The 18th century denizens of Kenwood were made of sterner stuff than the Duchess of Lauderdale. Being more hardy souls, they plunged into the cold waters of the marble clad bathhouse. The austere bathhouse was restored in the latter part of the 20th century. The plunge pool is fed from local springs, rendering its water a brackish and rather unprepossessing reddish colour.

Henry VIII was known to be a fastidious man in terms of his personal hygiene. His daily ablutions were greatly helped by the fact that the original owner of Hampton Court, Cardinal Wolsey, had arranged for spring water to be piped into the palace from a distance of several miles. When I used to regularly take the bus to Kingston upon Thames, I would catch sight of one of the Cardinal’s remaining red brick Conduit Houses at Coombe Hill. A documentary a number of years proved that the water in the semi-ruined Conduit house was still as sweet as ever.

The Ancient Romans would have been appalled to think that more than a thousand years after they had withdrawn from Britain, even the wealthiest and highest in the land lacked the kind of bathing and latrine facilities and enclosed sewers to take away human waste that the Romans would have taken for granted.

Ring a ring a poesy.

"There is something my partner and I have wanted to ask you for several years now,” said the Eagle after we had finished the chocolate and Cointreau mousse I had made her for supper.
“You don’t have to answer it if you don’t want to. If you feel we’re being too intrusive for example.”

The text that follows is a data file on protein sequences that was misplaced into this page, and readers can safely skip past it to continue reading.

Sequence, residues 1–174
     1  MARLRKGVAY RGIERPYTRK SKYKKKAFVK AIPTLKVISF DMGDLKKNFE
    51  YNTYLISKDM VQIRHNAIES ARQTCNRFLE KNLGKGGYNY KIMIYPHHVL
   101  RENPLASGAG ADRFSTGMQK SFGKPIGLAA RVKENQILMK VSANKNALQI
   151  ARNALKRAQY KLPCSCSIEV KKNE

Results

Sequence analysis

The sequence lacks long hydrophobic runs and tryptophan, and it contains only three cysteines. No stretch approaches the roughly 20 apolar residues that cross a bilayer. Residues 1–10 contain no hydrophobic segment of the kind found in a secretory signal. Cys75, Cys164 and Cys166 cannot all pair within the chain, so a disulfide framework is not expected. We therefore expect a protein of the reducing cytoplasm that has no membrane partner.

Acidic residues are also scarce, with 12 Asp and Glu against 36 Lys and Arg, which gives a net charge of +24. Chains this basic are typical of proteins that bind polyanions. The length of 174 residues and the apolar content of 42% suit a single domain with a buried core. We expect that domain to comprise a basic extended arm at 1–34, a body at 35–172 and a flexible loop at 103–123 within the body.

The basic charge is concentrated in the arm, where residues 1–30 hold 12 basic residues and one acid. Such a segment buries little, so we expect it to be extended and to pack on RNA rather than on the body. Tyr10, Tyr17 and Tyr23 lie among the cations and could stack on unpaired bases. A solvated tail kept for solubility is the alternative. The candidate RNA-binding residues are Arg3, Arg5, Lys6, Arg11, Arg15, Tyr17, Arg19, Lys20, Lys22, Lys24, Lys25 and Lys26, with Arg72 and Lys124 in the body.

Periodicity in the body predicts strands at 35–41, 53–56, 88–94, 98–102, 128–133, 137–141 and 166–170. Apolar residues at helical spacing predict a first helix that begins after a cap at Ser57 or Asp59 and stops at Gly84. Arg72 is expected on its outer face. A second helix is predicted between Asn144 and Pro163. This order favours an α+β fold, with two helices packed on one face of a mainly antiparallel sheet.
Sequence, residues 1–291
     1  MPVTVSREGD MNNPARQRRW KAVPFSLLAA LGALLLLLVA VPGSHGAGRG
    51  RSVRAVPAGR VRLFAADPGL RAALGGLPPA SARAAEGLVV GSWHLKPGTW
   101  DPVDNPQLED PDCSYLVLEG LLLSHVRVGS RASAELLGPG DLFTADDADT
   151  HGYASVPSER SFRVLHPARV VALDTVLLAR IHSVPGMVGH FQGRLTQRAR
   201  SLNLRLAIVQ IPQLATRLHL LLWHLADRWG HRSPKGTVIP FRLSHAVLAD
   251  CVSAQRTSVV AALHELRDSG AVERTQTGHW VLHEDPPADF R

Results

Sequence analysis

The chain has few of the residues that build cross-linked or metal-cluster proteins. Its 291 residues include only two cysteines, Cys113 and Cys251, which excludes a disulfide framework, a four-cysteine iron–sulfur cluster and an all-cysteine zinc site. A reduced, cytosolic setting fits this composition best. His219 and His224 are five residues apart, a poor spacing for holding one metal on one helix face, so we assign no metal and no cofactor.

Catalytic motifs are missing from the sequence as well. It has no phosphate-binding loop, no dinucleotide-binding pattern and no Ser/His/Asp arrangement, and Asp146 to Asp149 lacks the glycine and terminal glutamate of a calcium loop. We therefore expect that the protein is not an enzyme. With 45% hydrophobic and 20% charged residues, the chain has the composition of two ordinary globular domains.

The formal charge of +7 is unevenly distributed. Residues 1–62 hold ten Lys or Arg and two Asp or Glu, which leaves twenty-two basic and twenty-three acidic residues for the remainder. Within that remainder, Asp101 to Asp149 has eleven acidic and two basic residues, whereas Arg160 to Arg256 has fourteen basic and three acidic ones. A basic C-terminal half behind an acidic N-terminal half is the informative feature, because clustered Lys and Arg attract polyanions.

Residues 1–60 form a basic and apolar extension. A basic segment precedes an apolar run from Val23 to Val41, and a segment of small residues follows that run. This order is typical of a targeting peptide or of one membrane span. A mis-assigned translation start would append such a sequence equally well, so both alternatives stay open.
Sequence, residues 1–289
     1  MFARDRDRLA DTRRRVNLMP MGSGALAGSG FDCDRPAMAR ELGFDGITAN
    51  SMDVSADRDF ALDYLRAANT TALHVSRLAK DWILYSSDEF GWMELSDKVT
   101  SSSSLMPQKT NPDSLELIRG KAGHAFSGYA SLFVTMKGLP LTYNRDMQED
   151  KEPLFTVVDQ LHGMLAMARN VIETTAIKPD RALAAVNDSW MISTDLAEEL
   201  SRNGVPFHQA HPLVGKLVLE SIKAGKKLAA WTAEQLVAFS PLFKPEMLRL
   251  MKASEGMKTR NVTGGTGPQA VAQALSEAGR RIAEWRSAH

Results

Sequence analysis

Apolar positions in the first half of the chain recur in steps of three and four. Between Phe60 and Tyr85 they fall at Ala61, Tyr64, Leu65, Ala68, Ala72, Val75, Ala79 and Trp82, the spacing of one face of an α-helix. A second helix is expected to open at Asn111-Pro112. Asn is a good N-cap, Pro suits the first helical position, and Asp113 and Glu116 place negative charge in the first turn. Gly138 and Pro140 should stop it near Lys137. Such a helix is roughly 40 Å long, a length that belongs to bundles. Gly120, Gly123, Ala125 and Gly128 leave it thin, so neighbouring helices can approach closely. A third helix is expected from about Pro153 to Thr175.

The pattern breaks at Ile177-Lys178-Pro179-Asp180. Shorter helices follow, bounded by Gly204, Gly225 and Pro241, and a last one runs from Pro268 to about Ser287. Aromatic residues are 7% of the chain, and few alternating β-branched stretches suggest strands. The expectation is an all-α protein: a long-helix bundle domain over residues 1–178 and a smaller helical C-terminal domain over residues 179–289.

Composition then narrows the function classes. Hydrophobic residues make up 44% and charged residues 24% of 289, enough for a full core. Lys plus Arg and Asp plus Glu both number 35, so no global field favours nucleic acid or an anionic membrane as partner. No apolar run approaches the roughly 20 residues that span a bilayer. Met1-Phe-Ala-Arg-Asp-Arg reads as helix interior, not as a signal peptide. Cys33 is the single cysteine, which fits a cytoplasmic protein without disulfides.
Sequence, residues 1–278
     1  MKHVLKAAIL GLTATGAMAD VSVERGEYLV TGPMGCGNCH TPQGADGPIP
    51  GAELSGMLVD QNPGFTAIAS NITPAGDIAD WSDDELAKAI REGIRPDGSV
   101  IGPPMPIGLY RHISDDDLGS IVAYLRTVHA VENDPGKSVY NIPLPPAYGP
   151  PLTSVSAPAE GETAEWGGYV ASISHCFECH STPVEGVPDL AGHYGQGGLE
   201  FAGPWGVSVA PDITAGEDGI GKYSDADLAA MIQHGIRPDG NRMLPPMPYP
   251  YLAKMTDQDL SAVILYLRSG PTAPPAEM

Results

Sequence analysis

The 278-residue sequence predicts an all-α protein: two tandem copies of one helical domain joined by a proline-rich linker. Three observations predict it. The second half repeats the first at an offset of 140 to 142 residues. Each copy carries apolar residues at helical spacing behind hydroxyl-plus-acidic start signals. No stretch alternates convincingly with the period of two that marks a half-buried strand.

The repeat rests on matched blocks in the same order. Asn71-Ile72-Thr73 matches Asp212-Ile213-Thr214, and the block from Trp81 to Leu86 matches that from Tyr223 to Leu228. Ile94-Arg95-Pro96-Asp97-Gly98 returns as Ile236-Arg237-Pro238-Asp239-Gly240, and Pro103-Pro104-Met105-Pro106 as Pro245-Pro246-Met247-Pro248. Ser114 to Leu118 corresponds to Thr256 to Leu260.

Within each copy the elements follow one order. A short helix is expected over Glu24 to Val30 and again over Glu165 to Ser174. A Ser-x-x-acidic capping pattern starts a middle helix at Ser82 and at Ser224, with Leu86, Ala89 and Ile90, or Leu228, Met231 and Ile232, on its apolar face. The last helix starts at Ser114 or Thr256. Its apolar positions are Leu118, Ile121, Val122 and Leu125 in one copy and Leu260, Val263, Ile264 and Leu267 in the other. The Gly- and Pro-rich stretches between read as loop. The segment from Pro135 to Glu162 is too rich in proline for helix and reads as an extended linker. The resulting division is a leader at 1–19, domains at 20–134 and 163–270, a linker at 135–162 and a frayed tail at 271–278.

By now I was intrigued to know precisely what the question would be.
“Is that a wedding ring on your hand.?” enquired the Eagle
I looked at the simple gold band on the ring finger of my left hand. It might at first glance resemble a simple wedding band, but it is in fact a love token or poesy ring dating from the 1660s. Inside are inscribed the words: “The Love is all” and the goldsmith’s mark.
“Where did it come from?” asked the Eagle in tones of genuine curiosity.
“I bought it at an antique’s fair in Covent Garden and before that it was probably  ripped from off the hand of a plague victim,” I replied solemnly.

The Eagle’s remarks brought back memories of the film “Poltergeist” which I had watched at a friend’s house. The plot concerns the unsettling consequences for a family, who have inadvertently bought a house atop a former Indian burial site. Only after we had watched the film did my friend explain that her house had been built on top of a 17th century plague pit. I slept rather badly that night as I imagined the shades of 17th century plague victims, still dressed in their rotting shrouds, trying to get in. Thank Heavens, I did not own my antique ring at the time. It would have been my misfortune to have the original owner tap the glass of the bedroom window, whilst exclaiming indignantly: ”You do realise that’s my ring you’re wearing!”
My poesy ring has rescued me from potentially awkward romantic situations on more than one occasion. One night I was on my way home from the gym when a young man stopped me in the street.
“Do you know Sarah? he asked. “I am sure I saw you at a party with Sarah.”
“I don’t know anybody called Sarah,” I replied in genuine puzzlement.
“Really? I was sure I had seen you before. So,” he hesitated before continuing,” would you like to go out with me?”
It dawned on me that Sarah didn’t exist. Well if the young man had made use of an imaginary woman to strike up a conversation, I would make use of an imaginary man to end it.
“That’s very kind of you, “ I simpered. “But,” I said raising my be-ringed left hand to my neck, “I don’t think my husband would approve.”
“He is a very lucky man,” came the reply.
“Thank-you”, I said. I silently agreed that my imaginary husband was lucky to have me for a wife, just as the imaginary Sarah was extremely lucky to have me as a friend.